by Patrick Bromley
I've said before that the great George A. Romero is like the George Lucas of horror, becoming famous and beloved for a trilogy of hugely influential, genre-shaping films and then returning to do a second trilogy too many years later that diminishes his legacy. And while Romero will always best be known for his Dead movies -- they did, after all, launch the entire modern zombie movement that's now disgustingly played out -- several of his non-zombie films are just as good or better than the subgenre for which he's recognized.
I love George Romero. I love a lot of his movies, but I also love him just for existing. He's a guy who makes movies with passion and who is always trying to say something, even in later years when his messages became heavy-handed and muddled by bad storytelling. He's a filmmaker whose every movie is worth seeing simply because he made it.
2. Season of the Witch (1973) Romero's third film tells the story of a suburban housewife (Jan White) who gets involved with witchcraft. Though deeply flawed and crudely dated, Season of the Witch (also known as Hungry Wives) is interesting as a study in Romero's social progressivism. He has always been a feminist filmmaker, but with its concerns about the oppressed housewife attempting to find some agency in the "man's world" of the early '70s, Season of the Witch might be Romero's most feminist work. The movie was released in the same year as The Crazies, which is a more consistent -- and possibly better -- movie, but too much like Romero's zombie films to stand out in his filmography the way this one does. Over 40 minutes were cut out of the director's original version; a restored 103 minute cut made its way to DVD, but that's still a half hour shy of the director's 130 minute version.
4. Dawn of the Dead (1978) Thousands of words have already been written about this one, so I won't say too much about it here. I've already called it one of the best zombie movies ever made, one of my favorite horror movies and just one of my all time favorite movies period. Dawn of the Dead sees the small-scale, documentary-like aesthetic of Night and raises it to a big, splashy comic book action movie. Brutal social satire and groundbreaking gore effects courtesy of Tom Savini are a big part of what makes this movie a classic, but it's the smaller moments that make me love it. It has the look and feel of an epic despite its focus on only four characters. People not able to look past some of the blue zombie makeup or orange blood (I'm looking at you, Doug) are missing out on a true masterpiece. Plenty of people might argue that Night is better, but Dawn of the Dead is easily Romero's best movie for me.
6. Creepshow (1982) Romero's most commercial studio film is still his most fun, suggesting that he knows how to lighten up and make pure popcorn entertainment when not bleakly predicting the end of humanity in movie after movie. A tribute to the great horror comics of the 1950s scripted by Stephen King (their first official collaboration), Creepshow remains one of my favorite horror anthologies of all time -- a colorful, cartoonish blast of a monster movie. It's a side of Romero that we too seldom got to see.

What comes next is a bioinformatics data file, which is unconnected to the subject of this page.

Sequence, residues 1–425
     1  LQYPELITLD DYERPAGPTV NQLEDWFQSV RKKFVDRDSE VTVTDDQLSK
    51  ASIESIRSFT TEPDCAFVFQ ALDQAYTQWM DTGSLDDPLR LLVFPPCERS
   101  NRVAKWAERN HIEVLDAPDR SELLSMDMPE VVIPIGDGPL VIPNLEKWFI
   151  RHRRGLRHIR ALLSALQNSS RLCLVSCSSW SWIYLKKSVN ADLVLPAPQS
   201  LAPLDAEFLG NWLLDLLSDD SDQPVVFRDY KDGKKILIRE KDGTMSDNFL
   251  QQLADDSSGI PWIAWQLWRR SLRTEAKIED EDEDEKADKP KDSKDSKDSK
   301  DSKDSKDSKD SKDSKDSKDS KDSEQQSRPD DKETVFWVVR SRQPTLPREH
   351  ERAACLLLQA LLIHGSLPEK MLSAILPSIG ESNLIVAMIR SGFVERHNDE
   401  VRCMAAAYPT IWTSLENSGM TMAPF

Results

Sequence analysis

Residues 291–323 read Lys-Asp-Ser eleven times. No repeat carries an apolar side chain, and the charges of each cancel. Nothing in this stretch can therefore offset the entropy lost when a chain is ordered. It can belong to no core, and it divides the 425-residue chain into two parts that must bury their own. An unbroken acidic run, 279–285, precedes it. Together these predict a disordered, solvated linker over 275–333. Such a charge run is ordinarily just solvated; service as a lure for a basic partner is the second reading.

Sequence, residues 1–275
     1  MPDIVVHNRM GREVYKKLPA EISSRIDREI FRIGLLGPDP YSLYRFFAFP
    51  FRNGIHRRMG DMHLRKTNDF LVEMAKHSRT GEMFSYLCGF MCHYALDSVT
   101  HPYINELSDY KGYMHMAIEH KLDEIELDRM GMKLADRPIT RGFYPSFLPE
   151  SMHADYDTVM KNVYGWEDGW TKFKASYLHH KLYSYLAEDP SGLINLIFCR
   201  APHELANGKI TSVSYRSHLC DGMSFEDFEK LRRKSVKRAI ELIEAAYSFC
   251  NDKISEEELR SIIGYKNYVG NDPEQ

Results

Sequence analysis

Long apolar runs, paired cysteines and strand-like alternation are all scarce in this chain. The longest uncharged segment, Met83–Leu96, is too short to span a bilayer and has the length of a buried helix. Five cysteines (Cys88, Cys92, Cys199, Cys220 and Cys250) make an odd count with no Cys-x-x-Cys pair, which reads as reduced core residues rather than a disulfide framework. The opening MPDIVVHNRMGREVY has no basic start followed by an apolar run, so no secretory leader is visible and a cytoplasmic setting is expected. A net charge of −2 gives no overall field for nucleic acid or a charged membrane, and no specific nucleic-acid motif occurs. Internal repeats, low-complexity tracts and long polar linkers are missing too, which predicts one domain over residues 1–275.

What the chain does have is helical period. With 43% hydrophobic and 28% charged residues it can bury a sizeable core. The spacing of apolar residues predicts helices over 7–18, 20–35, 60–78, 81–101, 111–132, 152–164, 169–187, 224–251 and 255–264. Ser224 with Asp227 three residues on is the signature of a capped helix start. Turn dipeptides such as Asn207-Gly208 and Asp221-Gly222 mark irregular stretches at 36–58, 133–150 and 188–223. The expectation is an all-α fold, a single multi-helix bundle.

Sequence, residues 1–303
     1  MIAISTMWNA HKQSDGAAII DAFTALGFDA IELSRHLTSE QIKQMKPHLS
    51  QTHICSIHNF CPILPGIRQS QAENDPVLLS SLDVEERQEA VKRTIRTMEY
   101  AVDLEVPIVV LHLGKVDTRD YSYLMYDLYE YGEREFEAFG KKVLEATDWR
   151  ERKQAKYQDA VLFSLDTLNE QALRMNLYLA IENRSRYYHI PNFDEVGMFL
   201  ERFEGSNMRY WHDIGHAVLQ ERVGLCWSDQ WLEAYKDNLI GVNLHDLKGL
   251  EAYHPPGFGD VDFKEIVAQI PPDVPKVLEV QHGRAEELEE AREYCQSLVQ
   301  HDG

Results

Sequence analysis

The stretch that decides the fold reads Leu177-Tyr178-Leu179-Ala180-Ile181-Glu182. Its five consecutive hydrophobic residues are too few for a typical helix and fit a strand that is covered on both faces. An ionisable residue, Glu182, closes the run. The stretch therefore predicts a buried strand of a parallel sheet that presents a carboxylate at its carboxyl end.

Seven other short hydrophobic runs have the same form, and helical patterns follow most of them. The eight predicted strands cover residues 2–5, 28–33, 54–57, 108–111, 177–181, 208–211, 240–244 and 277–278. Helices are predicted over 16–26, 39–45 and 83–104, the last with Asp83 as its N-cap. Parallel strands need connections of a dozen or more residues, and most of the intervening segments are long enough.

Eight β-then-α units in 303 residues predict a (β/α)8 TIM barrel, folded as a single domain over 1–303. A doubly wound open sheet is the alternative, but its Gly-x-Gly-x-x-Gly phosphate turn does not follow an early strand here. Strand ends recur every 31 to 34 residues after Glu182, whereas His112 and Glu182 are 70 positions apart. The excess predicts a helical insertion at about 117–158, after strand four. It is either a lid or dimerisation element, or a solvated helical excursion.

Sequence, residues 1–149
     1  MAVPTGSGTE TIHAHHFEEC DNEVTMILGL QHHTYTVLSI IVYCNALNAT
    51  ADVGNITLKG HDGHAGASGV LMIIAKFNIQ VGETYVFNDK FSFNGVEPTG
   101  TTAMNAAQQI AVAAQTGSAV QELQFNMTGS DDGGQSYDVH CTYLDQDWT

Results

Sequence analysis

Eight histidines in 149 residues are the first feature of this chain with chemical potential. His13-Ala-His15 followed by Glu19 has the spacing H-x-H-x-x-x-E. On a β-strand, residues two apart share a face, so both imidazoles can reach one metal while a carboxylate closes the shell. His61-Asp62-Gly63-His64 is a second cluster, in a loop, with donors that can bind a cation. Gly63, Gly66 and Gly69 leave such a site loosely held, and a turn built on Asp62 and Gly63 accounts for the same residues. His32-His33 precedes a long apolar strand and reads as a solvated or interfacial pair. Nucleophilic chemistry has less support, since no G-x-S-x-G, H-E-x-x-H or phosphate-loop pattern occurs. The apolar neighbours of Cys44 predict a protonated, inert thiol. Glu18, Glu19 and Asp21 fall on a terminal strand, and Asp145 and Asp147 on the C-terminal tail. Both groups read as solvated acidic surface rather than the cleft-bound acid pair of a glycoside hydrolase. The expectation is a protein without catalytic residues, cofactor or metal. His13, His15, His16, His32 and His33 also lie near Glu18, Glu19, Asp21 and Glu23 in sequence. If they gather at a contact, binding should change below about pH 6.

7. Day of the Dead (1985) The last of Romero's original zombie trilogy (and his favorite of the series) is the one that has aged the best -- which isn't to say that it has surpassed the previous two films, only that it's better now than it was when it was released. Originally written to be a massive apocalyptic epic, Romero was forced to cut way back to keep the budget down so he could still put the movie out Unrated. The result is something that feels claustrophobic and nightmarish, with a team of scientists and the military forced into underground bunkers while the undead freely roam the streets. The pitch of some performances is a little bracing (coughJoePilatocough), but Romero continues to explore life after civilization in a way that's fascinating -- and, more importantly, feels very real. Almost 30 years later, Day of the Dead still boasts the best gore effects in any movie ever.
9. Land of the Dead (2005) Romero returned to the zombie genre after 20 years away and kicked off his second trilogy with this, a mid-budget ($15 million, but it feels like more), large-scale studio movie with a wide release and actual stars in the roles. Using elements from his original epic Day of the Dead screenplay, Land of the Dead has a GREAT concept (the wealthy class is able to "ignore the problem," living above the city while everyone else contends with the zombie apocalypse on the ground) but only a so-so execution. Working with a major studio meant that Romero's hands were tied more than usual; he wasn't allowed to cast a black actor in the lead as intended and instead wound up with wet pancake Simon Baker, and the contractually required R-rating (the first in his Dead series) meant Romero had to edit out or digitally obscure much of the gore, which was later restored on DVD. Romero's return to the zombie genre was such cause for celebration that we all wanted the movie to be better than it is. Plus, its intentions are so good and there are so many great ideas at work that I'm willing to overlook certain aspects of the writing and the...uneven...performances. There's still a lot to like, but it's a mess. Still, of his second trilogy, this one is easily the best.
abysmal found footage effort Diary of the Dead before it) feels like a bad imitation of what Romero once did so brilliantly. We're unlikely to see many more new George Romero movies, meaning Survival could end up being his last.
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